Reports of a “brutal” cold spreading across the UK have emerged in recent weeks, with sufferers describing the symptoms as debilitating. With new Covid variants, such as Pirola, HV.1 and JN.1, circulating, Dr Roger Henderson, GP and Olbas expert, shared how to differentiate between the different illnesses.

What is the winter bug/cold currently circulating that some people are describing as “brutal”?

Dr Henderson said: “Predictably, as we make our way through the winter months the cases of people suffering with cold and flu like symptoms will increase. Each case of the common cold or flu is different, so will affect each of us in different ways.

“It is said that the average adult gets between two and four colds per year, so it could be the case that this is the first cold you have had this year and don’t remember how debilitating it can be.”

What are the symptoms and how do they differ from a normal cold?

Dr Henderson said: “The symptoms of the ‘brutal cold’ are directly comparable to that of a normal cold. Patients should expect to feel symptoms like fever, headaches, congestion, coughs, and fatigue. There is very little difference between this ‘brutal’ cold, and the common cold, but it may last a little bit longer.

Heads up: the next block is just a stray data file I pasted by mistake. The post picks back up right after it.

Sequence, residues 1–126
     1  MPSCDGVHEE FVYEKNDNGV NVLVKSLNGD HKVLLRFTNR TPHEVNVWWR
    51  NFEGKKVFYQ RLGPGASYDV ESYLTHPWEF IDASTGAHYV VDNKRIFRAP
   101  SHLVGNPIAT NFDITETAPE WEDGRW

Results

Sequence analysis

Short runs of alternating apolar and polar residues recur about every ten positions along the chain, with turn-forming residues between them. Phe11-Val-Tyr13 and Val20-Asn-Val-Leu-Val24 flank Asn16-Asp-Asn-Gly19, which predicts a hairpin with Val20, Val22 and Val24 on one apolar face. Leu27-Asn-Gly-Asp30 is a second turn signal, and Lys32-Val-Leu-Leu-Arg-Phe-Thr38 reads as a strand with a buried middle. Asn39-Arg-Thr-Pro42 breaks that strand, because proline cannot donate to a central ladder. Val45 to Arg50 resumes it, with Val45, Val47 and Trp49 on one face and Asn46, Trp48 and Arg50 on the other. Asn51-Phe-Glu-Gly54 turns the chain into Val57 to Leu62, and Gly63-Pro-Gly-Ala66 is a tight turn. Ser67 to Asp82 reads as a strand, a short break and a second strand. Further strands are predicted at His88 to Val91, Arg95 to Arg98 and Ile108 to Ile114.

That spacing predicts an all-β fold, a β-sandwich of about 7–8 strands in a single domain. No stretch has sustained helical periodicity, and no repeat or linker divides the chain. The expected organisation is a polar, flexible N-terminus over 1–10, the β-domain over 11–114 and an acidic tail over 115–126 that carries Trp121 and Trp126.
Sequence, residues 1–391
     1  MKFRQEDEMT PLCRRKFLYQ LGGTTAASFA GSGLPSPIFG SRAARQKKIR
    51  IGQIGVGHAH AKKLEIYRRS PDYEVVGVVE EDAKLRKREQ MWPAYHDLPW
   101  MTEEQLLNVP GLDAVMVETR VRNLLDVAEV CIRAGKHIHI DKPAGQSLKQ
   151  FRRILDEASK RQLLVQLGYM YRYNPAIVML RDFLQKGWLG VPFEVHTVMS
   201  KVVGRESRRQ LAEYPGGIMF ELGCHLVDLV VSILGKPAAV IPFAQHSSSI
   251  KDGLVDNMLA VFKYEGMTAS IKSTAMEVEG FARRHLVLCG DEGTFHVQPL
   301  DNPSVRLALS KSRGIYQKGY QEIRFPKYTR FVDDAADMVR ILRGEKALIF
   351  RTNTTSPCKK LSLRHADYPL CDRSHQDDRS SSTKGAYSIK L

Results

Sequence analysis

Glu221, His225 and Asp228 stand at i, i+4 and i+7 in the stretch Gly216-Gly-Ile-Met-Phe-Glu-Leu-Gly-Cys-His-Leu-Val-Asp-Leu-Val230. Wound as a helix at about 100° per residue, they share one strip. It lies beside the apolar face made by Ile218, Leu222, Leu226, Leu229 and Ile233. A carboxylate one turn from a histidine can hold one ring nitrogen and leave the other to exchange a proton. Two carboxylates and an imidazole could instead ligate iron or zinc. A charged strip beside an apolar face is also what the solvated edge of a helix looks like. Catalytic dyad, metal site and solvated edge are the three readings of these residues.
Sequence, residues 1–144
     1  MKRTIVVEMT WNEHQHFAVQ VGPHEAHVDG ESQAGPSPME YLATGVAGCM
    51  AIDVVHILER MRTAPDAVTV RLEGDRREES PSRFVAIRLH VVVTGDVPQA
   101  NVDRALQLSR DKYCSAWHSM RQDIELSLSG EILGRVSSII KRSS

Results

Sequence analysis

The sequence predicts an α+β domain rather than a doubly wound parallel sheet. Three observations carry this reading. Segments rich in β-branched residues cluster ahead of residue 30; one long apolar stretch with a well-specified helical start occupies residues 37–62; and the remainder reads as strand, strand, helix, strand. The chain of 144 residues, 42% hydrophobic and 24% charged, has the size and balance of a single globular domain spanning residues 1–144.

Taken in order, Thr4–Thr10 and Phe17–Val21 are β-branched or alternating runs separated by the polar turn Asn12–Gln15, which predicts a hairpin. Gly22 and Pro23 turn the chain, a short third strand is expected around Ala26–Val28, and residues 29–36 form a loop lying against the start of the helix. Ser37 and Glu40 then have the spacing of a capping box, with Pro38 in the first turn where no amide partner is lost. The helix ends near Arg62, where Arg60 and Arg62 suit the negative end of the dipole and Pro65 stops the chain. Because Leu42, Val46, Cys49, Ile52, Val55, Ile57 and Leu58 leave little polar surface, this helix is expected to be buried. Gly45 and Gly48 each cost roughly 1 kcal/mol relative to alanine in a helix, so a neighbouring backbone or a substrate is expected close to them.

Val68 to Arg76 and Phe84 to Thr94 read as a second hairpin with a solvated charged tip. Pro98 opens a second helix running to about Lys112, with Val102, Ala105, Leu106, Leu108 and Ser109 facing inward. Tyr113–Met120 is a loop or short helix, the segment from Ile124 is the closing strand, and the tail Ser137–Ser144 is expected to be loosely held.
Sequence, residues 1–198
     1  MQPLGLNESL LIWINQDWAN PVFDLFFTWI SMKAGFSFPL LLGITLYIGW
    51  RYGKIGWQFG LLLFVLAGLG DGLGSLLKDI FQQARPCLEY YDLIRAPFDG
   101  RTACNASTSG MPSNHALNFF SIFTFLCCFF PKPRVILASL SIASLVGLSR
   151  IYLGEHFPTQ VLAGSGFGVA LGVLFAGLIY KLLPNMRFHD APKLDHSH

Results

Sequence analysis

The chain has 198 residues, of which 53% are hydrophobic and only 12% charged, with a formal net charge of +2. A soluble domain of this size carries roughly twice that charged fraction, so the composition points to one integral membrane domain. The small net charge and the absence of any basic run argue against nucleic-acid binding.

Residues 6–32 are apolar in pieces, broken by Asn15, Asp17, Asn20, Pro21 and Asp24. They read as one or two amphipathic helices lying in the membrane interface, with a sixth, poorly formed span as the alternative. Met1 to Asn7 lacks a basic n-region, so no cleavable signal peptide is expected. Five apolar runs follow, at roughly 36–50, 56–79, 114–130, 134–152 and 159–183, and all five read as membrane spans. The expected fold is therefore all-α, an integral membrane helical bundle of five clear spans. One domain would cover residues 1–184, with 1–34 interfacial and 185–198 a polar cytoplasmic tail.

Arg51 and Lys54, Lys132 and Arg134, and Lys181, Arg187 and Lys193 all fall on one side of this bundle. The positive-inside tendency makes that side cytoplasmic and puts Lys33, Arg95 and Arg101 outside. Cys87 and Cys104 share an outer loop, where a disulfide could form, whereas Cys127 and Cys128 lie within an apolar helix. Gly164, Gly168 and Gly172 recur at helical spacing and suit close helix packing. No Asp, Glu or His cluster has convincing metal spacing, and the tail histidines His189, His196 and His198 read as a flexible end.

“Whilst we have been out of lockdown and Covid protection for a while, our immune systems are still recovering from the shielding that came with remaining in our bubbles, so colds and flus have felt more severe than they did previously.”

Could it be a new Covid strain?

Dr Henderson said: “Covid has played a part of our lives for almost three years, with various strains being detected throughout that time. It has been said that doctors recently discovered a descendent of the Pirola Variant, which has been found across the UK.

“Some of the symptoms of the new strain mirror that of a common cold, but there are some differences to look out for such as: headaches, diarrhoea, and vomiting. The best way to check if what you are feeling is Covid or a cold is to test. This will help to put your mind at ease and make sure you are doing all you can to protect others.”

What’s the best way to treat it?

Dr Henderson said: “Generally, colds will last around a week and you should expect to make a quick recovery if you drink plenty of fluids and rest up.

“To help ease the symptoms, you could turn to over the counter medication. For example, using a decongestant oil, will help clear your airways and make sure your sinuses are clear to restore normal breathing.

“If your symptoms persist for longer than three weeks, you should seek an appointment with your GP who will advise on the next steps to return back to full health.”

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